According to today’s Bureau of Labor Statistics (BLS) report, though the unemployment rate dropped another .3% to 6.7%, much of this drop was due to job seekers leaving the workforce (and thus not being counted by BLS)! Furthermore, only 74,000 new jobs were created last month (a drop of 156,000 from the previous month). However, with 1,309,000 new jobs created over the last 8 months, competition is increasing for existing jobs. This means that it is time to reformulate your resume!
Sectors that added jobs were:
1. Retail Trade rising by 55,000 new jobs in December. This brought the total to 121,000 jobs added in the last 3 months. Furthermore, the field averaged 32,000 new hires per month for all of 2013!
2. Wholesale Trade employment continuing to grow and adding 15,000 last month and averaging 8,000 per month for 2013.
3. Professional and Business Services added 19,000 last month and 75,000 over the last 3 months.
4. Manufacturing added 9,000 new workers and 55,000 over the last three months. However, the rate of increase is declining with only 77,000 added for 2013 versus 154,000 in 2012!
On the negative side:
1. Health Care, which has been a constant for growth over the last decade, actually decreased by 6,000 jobs. Furthermore, the employment has been trending down over the past 12 months averaging only 17,000 jobs created per month in 2013 versus 27,000 per month in 2012!
2. Construction lost 16,000 in December. However, did average adding 10,000 per month for 2013!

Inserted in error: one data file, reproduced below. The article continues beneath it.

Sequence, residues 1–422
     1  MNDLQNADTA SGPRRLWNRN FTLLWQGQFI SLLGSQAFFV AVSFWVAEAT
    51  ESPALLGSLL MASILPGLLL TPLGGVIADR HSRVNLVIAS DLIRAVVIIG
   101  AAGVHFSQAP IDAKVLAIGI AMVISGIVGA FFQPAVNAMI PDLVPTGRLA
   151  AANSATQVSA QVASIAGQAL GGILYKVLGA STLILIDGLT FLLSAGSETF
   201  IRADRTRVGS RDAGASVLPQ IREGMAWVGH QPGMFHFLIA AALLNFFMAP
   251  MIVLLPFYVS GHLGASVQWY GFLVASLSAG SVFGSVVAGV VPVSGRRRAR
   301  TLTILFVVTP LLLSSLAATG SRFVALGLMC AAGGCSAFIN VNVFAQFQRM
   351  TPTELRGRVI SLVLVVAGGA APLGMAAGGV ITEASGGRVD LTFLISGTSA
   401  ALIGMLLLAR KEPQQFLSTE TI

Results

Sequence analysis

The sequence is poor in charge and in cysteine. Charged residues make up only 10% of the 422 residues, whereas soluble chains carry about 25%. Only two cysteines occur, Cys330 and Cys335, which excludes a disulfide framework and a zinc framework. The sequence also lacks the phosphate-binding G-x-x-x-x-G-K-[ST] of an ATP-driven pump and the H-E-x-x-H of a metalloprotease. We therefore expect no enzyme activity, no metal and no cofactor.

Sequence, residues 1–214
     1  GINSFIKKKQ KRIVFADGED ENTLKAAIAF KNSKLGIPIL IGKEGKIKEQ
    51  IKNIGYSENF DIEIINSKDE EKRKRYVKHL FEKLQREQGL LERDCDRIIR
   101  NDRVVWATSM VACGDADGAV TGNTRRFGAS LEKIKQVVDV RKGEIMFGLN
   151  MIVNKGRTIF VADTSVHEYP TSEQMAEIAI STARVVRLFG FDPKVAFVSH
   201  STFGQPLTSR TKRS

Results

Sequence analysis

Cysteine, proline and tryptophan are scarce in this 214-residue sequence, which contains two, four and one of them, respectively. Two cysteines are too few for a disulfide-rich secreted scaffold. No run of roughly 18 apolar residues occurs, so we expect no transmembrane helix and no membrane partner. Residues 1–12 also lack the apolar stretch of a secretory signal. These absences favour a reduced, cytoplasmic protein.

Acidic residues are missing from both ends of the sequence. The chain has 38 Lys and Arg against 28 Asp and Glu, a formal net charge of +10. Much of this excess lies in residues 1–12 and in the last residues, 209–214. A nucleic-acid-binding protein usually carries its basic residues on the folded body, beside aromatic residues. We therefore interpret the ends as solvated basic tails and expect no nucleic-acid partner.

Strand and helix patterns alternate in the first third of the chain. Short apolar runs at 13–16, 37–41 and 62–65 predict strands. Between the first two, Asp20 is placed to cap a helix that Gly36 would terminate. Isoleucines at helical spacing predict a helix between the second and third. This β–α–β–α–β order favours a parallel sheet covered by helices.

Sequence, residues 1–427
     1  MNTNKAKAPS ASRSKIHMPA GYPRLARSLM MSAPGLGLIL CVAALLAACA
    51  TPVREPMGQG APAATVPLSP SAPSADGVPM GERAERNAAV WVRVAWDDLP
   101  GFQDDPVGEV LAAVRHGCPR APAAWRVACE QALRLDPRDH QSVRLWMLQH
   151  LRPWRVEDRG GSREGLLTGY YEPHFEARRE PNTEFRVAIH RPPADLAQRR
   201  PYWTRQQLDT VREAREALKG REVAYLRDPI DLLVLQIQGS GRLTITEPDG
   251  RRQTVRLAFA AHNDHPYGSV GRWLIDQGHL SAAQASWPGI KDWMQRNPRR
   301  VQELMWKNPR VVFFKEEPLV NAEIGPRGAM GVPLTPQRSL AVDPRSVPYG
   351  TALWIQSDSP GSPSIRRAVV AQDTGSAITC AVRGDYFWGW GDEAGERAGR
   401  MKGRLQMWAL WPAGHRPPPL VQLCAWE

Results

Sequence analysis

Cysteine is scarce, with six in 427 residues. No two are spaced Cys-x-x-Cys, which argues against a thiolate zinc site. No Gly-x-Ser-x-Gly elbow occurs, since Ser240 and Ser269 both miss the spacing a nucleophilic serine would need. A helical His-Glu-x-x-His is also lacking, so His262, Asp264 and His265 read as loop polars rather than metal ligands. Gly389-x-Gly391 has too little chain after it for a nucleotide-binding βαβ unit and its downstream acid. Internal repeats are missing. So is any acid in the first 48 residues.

3. Information (e.g. motion pictures and sound recording) employment lost 12,000 in December.
Therefore, it is time to engineer a new resume. To that end, one mantra I recommend is: numbers, numbers, numbers. This means to include as many quantitative accomplishments as possible. Instead of saying, “I was part of a team to implement a new MRP system” one should quantify that. For example, “as a result of my 34 man-hours managing a team of 7 IT professionals, software engineers and design engineers which resulted in our new MRP system being engineered 30% ahead of schedule and saving our company $4.5 million.”
One should also include such quantitative accomplishments as patents, awards and any ways you have made or saved money for your employer. This will be a lot easier to quantify if you are an engineer, scientist or technical professional, but everyone can accomplish this task with some planning and calculations. Remember as a rule of thumb for every dollar you are paid in your job, your company will earn $3 or more for your efforts. To that end, an employer needs to feel that you will be generating profit from your work. That is why you should include as many “numbers” in your resume as possible.